Tuesday, September 20, 2011

Spanish banks can’t go on like this

La morosidad del sector inmobiliario con la banca alcanza un récord con un 17,7% Late payment of real estate to banking to reach a record 17.7%

More than three years after the bursting of the housing bubble, banks have yet to digest the glut of building that was in the boom years. In fact, instead of improving, assets linked to this sector are deteriorating by leaps and bounds. As reported today by the Bank of Spain, delinquencies in the housing sector have risen in the second quarter by more than two percentage points to 17.8% of total mortgage debt. Widening the focus, loans more than three months in arrears have increased again in July for the fifth consecutive month. Arrears rose from 5.48% to 6.93% in June compared to the same month in 2010, which in money equals a total of 124,700 million euros.

Posted by drewster @ 12:55 PM (1162 views)
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3 thoughts on “Spanish banks can’t go on like this

  • Another story from Spain: rents are down on average 6% year-on-year. That’s not just a house price crash, it’s deflation.
    Bloomberg: Spain August House Rent Prices: Summary

    As John Stepek writes in today’s MoneyWeek: “What do you get when an unstoppable force meets an immovable object? I suspect the answer is: a big explosion and a terrible mess.”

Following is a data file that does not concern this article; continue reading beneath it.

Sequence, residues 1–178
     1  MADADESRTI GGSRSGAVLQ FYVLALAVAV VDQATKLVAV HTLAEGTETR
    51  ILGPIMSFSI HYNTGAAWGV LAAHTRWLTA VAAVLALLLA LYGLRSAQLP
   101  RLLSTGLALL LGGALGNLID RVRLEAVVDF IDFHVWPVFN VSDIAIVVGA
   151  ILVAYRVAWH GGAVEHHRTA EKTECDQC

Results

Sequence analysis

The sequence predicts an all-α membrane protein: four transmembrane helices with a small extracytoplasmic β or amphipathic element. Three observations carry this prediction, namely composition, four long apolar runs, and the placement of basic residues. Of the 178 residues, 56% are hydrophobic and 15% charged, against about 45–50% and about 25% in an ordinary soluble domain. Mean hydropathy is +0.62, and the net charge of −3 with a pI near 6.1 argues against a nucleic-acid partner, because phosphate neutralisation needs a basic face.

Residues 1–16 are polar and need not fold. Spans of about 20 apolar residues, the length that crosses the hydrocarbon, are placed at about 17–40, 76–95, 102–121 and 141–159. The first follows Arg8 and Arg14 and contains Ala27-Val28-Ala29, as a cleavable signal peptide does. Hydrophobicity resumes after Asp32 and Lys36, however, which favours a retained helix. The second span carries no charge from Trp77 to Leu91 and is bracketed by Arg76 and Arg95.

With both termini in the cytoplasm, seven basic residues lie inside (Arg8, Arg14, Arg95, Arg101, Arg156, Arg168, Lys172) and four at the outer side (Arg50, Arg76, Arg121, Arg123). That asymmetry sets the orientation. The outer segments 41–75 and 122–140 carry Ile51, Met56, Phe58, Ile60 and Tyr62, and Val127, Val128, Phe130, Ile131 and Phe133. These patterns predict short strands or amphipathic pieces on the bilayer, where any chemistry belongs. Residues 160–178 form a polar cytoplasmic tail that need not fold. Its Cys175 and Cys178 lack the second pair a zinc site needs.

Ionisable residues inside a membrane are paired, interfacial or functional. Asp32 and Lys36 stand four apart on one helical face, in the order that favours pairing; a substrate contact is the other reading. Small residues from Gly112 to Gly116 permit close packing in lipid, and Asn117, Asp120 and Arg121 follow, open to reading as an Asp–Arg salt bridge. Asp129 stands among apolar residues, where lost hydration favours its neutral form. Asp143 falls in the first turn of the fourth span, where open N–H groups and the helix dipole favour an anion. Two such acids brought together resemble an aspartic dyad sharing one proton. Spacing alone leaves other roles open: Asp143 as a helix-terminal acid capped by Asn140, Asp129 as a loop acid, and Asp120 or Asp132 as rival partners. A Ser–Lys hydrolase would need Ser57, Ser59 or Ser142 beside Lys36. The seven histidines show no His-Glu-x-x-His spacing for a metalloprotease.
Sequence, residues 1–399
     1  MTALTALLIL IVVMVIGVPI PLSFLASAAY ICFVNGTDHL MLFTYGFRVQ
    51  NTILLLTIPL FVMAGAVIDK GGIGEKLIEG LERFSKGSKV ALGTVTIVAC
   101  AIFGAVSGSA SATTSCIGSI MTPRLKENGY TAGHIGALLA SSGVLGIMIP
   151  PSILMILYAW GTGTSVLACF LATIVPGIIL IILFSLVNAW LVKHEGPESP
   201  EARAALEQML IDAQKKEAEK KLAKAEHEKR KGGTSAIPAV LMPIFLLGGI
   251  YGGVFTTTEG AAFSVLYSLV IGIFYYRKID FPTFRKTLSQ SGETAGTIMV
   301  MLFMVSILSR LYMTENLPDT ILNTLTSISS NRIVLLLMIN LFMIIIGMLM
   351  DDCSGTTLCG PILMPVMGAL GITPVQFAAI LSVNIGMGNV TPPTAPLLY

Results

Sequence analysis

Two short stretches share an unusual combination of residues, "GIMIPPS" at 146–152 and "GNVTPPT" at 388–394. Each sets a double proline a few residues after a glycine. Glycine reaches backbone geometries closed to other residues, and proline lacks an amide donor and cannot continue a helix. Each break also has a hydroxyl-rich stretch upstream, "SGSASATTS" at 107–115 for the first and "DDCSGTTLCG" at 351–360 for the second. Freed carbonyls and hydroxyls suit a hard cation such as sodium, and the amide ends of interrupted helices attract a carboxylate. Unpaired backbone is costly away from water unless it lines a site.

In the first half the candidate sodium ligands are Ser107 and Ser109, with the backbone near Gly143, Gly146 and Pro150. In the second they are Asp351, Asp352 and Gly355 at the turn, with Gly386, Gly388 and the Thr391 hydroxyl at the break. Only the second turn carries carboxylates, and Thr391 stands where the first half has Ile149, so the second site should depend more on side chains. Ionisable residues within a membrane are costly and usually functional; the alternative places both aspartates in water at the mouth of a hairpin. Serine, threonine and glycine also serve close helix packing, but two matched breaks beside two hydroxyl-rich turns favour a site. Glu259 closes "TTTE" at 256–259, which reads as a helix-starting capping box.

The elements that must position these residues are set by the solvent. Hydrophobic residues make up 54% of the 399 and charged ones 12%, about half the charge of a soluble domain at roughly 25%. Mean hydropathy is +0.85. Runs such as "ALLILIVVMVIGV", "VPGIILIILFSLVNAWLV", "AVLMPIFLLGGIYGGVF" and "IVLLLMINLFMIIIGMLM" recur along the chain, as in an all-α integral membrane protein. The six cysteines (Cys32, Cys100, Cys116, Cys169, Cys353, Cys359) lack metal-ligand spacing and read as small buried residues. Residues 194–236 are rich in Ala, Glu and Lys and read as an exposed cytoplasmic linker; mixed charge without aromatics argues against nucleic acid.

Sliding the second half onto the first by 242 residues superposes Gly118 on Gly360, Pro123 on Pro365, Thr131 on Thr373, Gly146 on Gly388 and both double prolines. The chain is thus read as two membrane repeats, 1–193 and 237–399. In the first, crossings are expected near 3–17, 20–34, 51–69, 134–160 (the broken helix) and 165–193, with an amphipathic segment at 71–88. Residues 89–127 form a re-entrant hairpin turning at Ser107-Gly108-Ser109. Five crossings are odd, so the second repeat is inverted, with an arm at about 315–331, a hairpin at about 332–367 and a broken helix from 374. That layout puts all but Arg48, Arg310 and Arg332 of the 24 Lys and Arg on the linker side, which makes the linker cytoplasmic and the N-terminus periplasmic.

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  • Its interesting to think what would have happened if Spain hadnt been in the Euro and and – and i use the word advisedly – monetary policy wasnt dictated to by ze germans. I wonder if they would have expanded so much or if they would have reigned in their borrowing ? Something to ponder over some cheap sangria?

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  • techie,

    Spain built its way out of the doldrums, starting long before the eurozone was created – what the euro did was to push a sound strategy to excess.

    Had they not joined the eurozone, they might well have over-built, albeit to a lesser degree; and would now be busily devaluing their way out of trouble, and making their real estate more attractive to europe’s retirees.


    I’ve been looking at the Italian numbers to see if there’s any credible way that they can stay in the eurozone without defaulting.

    I think it could be done, but it would need someone like Mussolini to force the nation to take the medicine.

    – They would need a wholesale bonfire of regulation, to liberate their industry.

    – They would need to find constructive work for their unemployed, and oblige them to work for their benefits.

    – They would be need to impose an immediate moratorium on retirement, to maximise the economic activity of the nation.

    – They would need to slash the wages of the highest earning amongst the public sector, including their MPs

    Will they do it? – Of course not…!

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